Film series: Revolutionary Visions in Iranian Cinema
Presented in collaboration with the Iranian Graduate Student Association at Cornell, this series highlights three recently restored landmarks of Iranian cinema.
We begin with Ebrahim Golestan’s Brick and Mirror (Khesht va Ayeneh) (1964), which is considered one of the first modern masterpieces of Iranian cinema and an important precursor to the Iranian New Waves that would follow. One of the most striking films to come out of the Pahlavi era of Iran, Brick and Mirror is a moody, atmospheric critique of a modernizing Tehran that nonetheless ignored the basic needs of its citizens. Virtually unseen for decades, this iconic film has now been restored by the Fondazione Cineteca di Bologna under the exacting eye of Golestan himself, now aged 100.
Spurred by the work of Golestan, Forough Farrokhzad, and others, Iranian cinema in the late 1960s entered a “New Wave” that would continue into the early 2000s. Though it had always been regulated by the government, the Iranian film industry became subject to additional scrutiny by state authorities following the Islamic revolution in 1979. Despite these strictures, filmmakers continued to innovate, experimenting with storytelling approaches that blurred the lines between reality and fiction and tested the limits of government censors as to what was culturally appropriate.
Our series continues with one such work: Amir Naderi’s The Runner (Davandeh) from 1984. Often considered the first masterpiece of the revolutionary period, Naderi’s lyrical film quickly earned comparisons with postwar Italian Neo-Realist works such as Vittorio de Sica’s Bicycle Thieves (1948). It stars Madjid Niroumand as Amiro, an 11-year-old orphan living alone in an abandoned tanker in the Iranian port city of Abadan, who survives by shining shoes, selling water, and diving for deposit bottles. This 4K restoration from Rialto Pictures premiered last fall at Film Forum in New York City, where the film had its U.S. premiere back in 1991.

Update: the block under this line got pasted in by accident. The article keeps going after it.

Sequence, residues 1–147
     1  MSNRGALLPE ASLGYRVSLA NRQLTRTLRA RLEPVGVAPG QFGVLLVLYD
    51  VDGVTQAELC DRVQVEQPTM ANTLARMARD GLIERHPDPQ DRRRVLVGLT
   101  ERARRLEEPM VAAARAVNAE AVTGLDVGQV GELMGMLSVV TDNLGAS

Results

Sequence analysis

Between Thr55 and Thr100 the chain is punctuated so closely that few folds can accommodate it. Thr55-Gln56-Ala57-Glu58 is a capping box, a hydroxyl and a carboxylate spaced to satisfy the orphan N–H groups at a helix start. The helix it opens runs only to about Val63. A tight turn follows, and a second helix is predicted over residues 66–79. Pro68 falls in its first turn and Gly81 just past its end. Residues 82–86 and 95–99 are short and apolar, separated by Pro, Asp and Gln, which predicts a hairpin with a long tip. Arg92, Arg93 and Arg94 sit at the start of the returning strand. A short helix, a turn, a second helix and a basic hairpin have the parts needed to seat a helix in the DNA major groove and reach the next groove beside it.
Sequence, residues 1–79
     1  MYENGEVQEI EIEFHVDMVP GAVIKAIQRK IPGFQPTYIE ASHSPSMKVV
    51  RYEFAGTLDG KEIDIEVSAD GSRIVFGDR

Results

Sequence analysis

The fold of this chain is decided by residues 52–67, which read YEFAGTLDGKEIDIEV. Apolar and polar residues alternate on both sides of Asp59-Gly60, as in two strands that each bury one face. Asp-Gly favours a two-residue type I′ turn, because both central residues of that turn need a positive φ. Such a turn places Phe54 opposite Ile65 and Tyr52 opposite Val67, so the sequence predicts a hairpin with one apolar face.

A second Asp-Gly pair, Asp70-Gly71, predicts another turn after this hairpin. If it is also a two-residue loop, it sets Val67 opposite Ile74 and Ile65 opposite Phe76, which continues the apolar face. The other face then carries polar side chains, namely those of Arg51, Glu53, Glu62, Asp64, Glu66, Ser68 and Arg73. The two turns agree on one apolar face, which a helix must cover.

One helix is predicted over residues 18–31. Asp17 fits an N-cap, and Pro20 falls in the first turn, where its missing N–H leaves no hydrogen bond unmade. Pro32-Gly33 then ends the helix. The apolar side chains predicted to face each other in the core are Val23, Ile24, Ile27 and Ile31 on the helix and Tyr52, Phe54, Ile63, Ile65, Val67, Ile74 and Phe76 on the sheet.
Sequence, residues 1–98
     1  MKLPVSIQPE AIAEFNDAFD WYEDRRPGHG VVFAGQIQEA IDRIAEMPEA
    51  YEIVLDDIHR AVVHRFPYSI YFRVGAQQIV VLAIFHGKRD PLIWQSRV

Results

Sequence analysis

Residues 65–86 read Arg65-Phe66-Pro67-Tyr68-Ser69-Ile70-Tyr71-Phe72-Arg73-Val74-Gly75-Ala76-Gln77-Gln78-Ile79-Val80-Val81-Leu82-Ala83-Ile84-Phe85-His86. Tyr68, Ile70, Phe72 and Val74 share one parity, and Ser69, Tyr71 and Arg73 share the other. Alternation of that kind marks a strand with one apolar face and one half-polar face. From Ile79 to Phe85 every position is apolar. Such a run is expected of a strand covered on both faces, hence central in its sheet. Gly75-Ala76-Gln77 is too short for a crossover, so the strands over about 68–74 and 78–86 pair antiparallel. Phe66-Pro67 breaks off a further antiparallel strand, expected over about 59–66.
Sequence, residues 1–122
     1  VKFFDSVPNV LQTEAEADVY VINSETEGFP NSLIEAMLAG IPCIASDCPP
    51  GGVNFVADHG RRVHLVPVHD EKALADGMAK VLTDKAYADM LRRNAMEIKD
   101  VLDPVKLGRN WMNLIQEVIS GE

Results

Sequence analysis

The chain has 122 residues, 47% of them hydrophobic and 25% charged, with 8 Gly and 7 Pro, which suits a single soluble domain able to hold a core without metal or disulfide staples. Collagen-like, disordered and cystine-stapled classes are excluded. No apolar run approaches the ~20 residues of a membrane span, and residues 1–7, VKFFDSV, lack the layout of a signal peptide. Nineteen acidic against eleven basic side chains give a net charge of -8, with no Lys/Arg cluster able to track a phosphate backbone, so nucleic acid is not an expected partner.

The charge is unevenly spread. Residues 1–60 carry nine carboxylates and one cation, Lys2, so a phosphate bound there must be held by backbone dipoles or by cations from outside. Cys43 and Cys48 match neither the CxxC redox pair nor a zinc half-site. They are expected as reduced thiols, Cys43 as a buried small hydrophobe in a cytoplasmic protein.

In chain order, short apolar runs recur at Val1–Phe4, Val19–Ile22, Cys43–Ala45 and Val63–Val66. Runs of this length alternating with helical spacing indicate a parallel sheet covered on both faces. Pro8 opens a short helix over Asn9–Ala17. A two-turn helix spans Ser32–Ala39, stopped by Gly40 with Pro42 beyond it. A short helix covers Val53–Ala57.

Finally, we conclude with Taste of Cherry (Ta'm e guilass) (1997), Abbas Kiarostami’s existential mediation on life and death. Perhaps the best-known Iranian filmmaker and the leader of Iranian cinema’s “Second Wave”, Kiarostami’s minimalist film centers on a man (Homayoun Ershadi) driving through the hilly outskirts of Tehran searching for someone to rescue or bury him after he commits suicide, a taboo subject in Islamic culture. Toggling between close-ups of the man driving and long shots of workers in the landscape, Taste of Cherry is a profound—if unresolved—examination of the role of an individual within a larger society.
This series celebrates Iranian filmmakers who were experimenting with the language of cinema and its political potential during a period of profound socio-political upheaval. Revisiting them in our contemporary moment, we are reminded of the ways that cinema serves as a powerful tool for interrogating political authority and challenging cultural norms.
Cosponsored by the Iranian Graduate Student Association at Cornell
Brick and Mirror (Khesht va Ayeneh)
Thursday, February 2, 2023 at 7:00pm
The Runner (Davandeh)
Wednesday, March 1, 2023 at 7:00pm
Taste of Cherry (Ta'm e guilass)
Thursday, April 20, 2023 at 7:00pm